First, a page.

Elena Whitham MSP: Political Spin
The SNP MSP for Carrick, Cumnock & Doon Valley shares her playlist
What was the first record you bought?
I have very, very vivid memories of this. We went to live in Canada in 1980 when I was six and came back a year and a half later for a family wedding. My papa gave me some pocket money and I was in Woolworths and bought Don’t You Want Me Baby by The Human League.
What music do you associate with your childhood?
Music was everything in my family. My mum and dad had me in their teens and they were rockers so I grew up in a house of music. I remember dancing around the living room with my mum and dad before we went to Canada to Let’s Stick Together by Bryan Ferry and The Jean Genie by David Bowie.
What music do you associate with that move to Canada?
Moving there felt like one endless picnic – it’s an integral part of the Canadian lifestyle. We were in Ontario and my mum and dad made pals with the local bikers so we had a lot of parties with a lot of drinking and loud music. We’d always had Led Zeppelin and AC/DC but Van Halen were introduced as well.
What was the first gig you went to?
I was 14 and it was the Deja Voodoo BBQ. Deja Voodoo were a punk band in Montreal and every year they had a concert with 10 or so local bands, and they would headline. I remember feeling like I’d discovered something magical. It was spectacular; I was in love.
When did you get into punk?
I was away at a youth camp when I was 13 and there was a guy there playing The Dead Kennedy’s Holiday in Cambodia and I was like, ‘I need to know what this is’. I came home a completely changed person and by the time I was 14 I had all sorts of different coloured hair and a leather jacket. Bata Motel by Crass is the reason I became a feminist.
Can you play an instrument?
No, I’m hopeless. I did sing backing vocals for my friend’s punk band, the Kitchen Kids. My whole life after school was doing my homework, getting on my bike and riding to their practice space, which was underneath a strip club. I lived and breathed the whole scene.
What was your first dance at your wedding?
At Last by Etta James. It was my second marriage, we were in our 30s and it just felt like at last we’d found the person we were meant to be with. We had a ceilidh band at the community hall, my mum and dad put four bottles of wine on every table and it was just the best night. My first wedding was a punk reception. We had Firestarter by The Prodigy as our first dance, but we were in our 20s.
What do you listen to during your commute to parliament?
If I’m gearing up for a debate, I probably will reach for heavy stuff like Blackened by Metallica, Closer by Nine Inch Nails, Walk by Pantera or maybe some Sepultura or Machine Head – stuff that really gets your blood going. If I’m decompressing I love The Smiths, Depeche Mode or early Sinead O’Connor.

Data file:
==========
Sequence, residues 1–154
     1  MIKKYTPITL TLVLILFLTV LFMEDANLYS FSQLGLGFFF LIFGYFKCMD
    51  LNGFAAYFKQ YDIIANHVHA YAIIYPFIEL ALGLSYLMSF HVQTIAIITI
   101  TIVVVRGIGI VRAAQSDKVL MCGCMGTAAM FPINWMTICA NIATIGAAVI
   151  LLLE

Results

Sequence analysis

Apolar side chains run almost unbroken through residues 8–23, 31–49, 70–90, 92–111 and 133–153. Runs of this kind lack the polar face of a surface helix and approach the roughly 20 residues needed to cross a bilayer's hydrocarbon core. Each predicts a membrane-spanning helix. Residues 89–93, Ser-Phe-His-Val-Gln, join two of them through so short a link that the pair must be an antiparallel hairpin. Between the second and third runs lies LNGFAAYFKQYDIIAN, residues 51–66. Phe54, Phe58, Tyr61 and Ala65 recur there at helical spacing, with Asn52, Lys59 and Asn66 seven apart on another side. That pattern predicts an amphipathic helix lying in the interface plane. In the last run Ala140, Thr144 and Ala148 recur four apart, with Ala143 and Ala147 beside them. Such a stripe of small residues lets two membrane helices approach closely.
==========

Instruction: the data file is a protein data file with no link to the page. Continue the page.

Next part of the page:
What song is guaranteed to get you on the dance floor?
It doesn’t happen on many dancefloors now, but there was a pub in Irvine called The Attic where I’d dance to Killing in the Name Of by Rage Against the Machine. Equally, Insomnia by Faithless will get me up, or Proud Mary by Tina Turner if it’s a wedding.
Which song makes you cry?
When I was 17, I delivered newspapers and my mum would get up and we’d turn on the TV and get everything ready. One morning Hunger Strike by Temple of the Dog came on and we just stopped. My mum gave me 20 bucks and said, “you need to get this album today”. Eight years ago she died suddenly of lung cancer. She was only 58 and if I hear that song now it always gets me.
What’s your go-to karaoke song?
I don’t do karaoke but I sing all the time in the house. I love Elvis, so it would probably be Hound Dog. I sing at the top of my lungs in the car. Ball Tongue by Korn is one I’ll turn up really loud.
What was the last gig you went to?
It was pre-pandemic, The Doors Alive tribute band in Glasgow. As arts and entertainment editor for the student newspaper, I spent ‘93-’95 going to four concerts a week and interviewing everyone. The best was when Sony gave me passes to see the Red Hot Chili Peppers, Smashing Pumpkins and Pearl Jam, when Alive had just been released. I remember walking through backstage to meet the bands and the Chilis were doing their whole thing where they had nothing on except socks to cover their modesty. I was offered a job by Sony to be an A&R person. I agonised over it for a week. Every now and again I wonder what my life would have been like if I’d done it.
Holyrood provides comprehensive coverage of Scottish politics, offering award-winning reporting and analysis: Subscribe